PORT WENTWORTH - A helicopter hovered in a clear blue sky Monday and dumped 250 gallons of river water onto a gutted sugar refinery where six workers died and two remained missing from an explosion that continued to burn more deeply than officials first supposed.
White smoke wafted from the disaster area after the drop, and the yellow helicopter headed back to the Savannah River, refilled its hopper and returned with another watery load in a scene repeated every two minutes.
One of the Imperial Sugar refinery's three storage silos blew up late Thursday, with exploding sugar dust the likely culprit. Dozens of workers were injured. Fire crews couldn't search for the missing two because hotspots rendered areas of the plant dangerously unstable.
Sand will be used to take on the 4-day-old fire if water drops don't work, said Capt. Matt Stanley from the fire department in nearby Savannah.
Mounds of sugary sludge that poured out of two silos had solidified in places, making a sticky, concrete-like mixture that had to be cut with power tools. Search crews found the body of one of three missing workers Sunday before the search was called of at sunset for the other two.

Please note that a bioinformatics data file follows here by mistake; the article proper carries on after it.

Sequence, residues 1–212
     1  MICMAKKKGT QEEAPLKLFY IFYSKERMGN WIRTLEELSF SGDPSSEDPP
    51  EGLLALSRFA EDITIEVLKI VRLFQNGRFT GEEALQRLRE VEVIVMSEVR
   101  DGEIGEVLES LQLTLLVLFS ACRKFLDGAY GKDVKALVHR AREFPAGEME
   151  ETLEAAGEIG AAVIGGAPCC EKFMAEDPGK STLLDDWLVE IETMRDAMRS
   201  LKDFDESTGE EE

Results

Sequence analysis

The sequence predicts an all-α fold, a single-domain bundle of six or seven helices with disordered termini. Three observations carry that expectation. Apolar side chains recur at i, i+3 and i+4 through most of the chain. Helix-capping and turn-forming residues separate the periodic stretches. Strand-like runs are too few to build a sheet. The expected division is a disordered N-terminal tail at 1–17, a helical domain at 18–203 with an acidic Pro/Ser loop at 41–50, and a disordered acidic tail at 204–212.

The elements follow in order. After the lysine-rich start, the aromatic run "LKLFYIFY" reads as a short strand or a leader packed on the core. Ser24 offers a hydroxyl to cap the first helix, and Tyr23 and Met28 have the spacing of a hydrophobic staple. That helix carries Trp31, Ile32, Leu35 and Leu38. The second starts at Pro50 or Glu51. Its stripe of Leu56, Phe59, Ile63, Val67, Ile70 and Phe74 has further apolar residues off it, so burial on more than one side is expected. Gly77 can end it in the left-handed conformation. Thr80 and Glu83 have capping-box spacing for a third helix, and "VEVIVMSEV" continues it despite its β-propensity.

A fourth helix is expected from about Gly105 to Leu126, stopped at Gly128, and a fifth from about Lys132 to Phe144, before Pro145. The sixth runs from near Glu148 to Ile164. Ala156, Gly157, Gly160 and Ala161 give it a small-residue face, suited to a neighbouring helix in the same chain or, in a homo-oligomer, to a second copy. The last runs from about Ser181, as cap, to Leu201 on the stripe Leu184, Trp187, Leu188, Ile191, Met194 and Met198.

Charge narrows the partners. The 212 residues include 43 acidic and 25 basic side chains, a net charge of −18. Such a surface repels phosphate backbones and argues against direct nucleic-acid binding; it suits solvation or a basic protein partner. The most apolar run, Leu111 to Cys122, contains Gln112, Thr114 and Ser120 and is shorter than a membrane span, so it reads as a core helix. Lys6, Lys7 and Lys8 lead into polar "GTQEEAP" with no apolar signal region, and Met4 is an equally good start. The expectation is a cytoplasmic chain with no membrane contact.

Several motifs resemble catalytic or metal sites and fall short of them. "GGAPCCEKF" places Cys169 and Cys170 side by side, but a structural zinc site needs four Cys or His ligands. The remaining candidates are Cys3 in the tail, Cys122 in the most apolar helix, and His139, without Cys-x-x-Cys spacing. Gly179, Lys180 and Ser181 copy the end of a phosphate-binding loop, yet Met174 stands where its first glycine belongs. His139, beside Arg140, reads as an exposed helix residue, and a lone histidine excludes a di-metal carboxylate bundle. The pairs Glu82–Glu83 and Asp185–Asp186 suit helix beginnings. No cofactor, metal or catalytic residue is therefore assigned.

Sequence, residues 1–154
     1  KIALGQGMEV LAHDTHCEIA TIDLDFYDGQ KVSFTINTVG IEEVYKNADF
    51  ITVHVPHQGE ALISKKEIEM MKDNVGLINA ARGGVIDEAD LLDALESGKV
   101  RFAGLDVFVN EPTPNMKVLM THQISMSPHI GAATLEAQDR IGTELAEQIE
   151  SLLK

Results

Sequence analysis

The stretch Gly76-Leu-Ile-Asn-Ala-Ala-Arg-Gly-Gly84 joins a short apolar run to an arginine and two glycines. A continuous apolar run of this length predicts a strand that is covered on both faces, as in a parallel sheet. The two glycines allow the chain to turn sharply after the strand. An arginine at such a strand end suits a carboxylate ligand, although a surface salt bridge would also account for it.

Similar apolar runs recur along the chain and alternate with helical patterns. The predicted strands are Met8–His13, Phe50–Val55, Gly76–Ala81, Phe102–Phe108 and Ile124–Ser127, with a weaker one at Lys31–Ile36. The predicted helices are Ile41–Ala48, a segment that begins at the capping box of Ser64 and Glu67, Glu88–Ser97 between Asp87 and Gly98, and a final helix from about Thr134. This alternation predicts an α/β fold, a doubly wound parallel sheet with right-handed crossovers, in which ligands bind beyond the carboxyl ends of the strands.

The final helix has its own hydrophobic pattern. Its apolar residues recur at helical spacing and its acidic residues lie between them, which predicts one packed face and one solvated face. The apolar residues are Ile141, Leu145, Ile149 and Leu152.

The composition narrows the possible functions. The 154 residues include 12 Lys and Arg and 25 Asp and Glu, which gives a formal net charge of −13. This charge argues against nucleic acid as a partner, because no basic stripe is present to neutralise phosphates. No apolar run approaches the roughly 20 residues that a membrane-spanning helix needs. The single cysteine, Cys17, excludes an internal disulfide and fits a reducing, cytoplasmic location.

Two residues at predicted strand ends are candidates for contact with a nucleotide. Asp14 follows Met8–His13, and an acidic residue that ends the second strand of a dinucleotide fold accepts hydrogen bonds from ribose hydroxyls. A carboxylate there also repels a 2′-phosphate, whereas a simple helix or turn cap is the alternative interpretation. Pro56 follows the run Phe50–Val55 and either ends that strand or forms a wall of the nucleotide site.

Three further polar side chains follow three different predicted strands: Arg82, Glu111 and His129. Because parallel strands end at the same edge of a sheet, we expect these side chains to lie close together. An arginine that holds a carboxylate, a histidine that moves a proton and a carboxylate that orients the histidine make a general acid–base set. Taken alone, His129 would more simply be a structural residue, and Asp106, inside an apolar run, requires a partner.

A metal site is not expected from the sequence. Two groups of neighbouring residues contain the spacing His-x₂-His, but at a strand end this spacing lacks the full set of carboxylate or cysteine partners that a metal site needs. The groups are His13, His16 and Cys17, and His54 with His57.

Port Wentworth Fire Chief Greg Long said the fire, burning at 4,000 degrees, had spread deeper into the sugar silos than first imagined, complicating efforts to put it out.
'We initially thought only the top three or four feet of the product was on fire,' he said. But he said thermal imaging cameras show the fire involves as much as 10 or 12 feet of material. Long said firefighters hope to cool and solidify the top layer, forming an oxygen barrier that smothers the fire below.
Because the fire is so hot, officials are concerned the silos may collapse. Sugar was piled about 55 feet high inside one silo; in the other it was almost 80 feet, Long said. By early afternoon, more than 22,000 gallons of water had been dumped on the silos.
'If they were to fail and collapse, it would render the rest of the plant unsearchable,' Long said.
Once the fire is out, railroad cars near the plant will be moved and debris taken away, allowing searchers to go through the last 5 percent of the plant which has not been searched, he said.
'We have tried everything possible to get to this area. The only way that we'll be able to do that is to remove debris and then get teams in,' he said.
Dump trucks filled with sand, cranes and other ground emergency vehicles were parked in neat rows about 300 yards from the refinery Monday so the smoldering fire could be fought from the air. A heap of twisted, burned girders, metal and other debris was piled nearby.
Seventeen workers remained hospitalized Monday - 16 in critical condition with severe burns - said Beth Frits of the Joseph M. Still Burn Center in Augusta.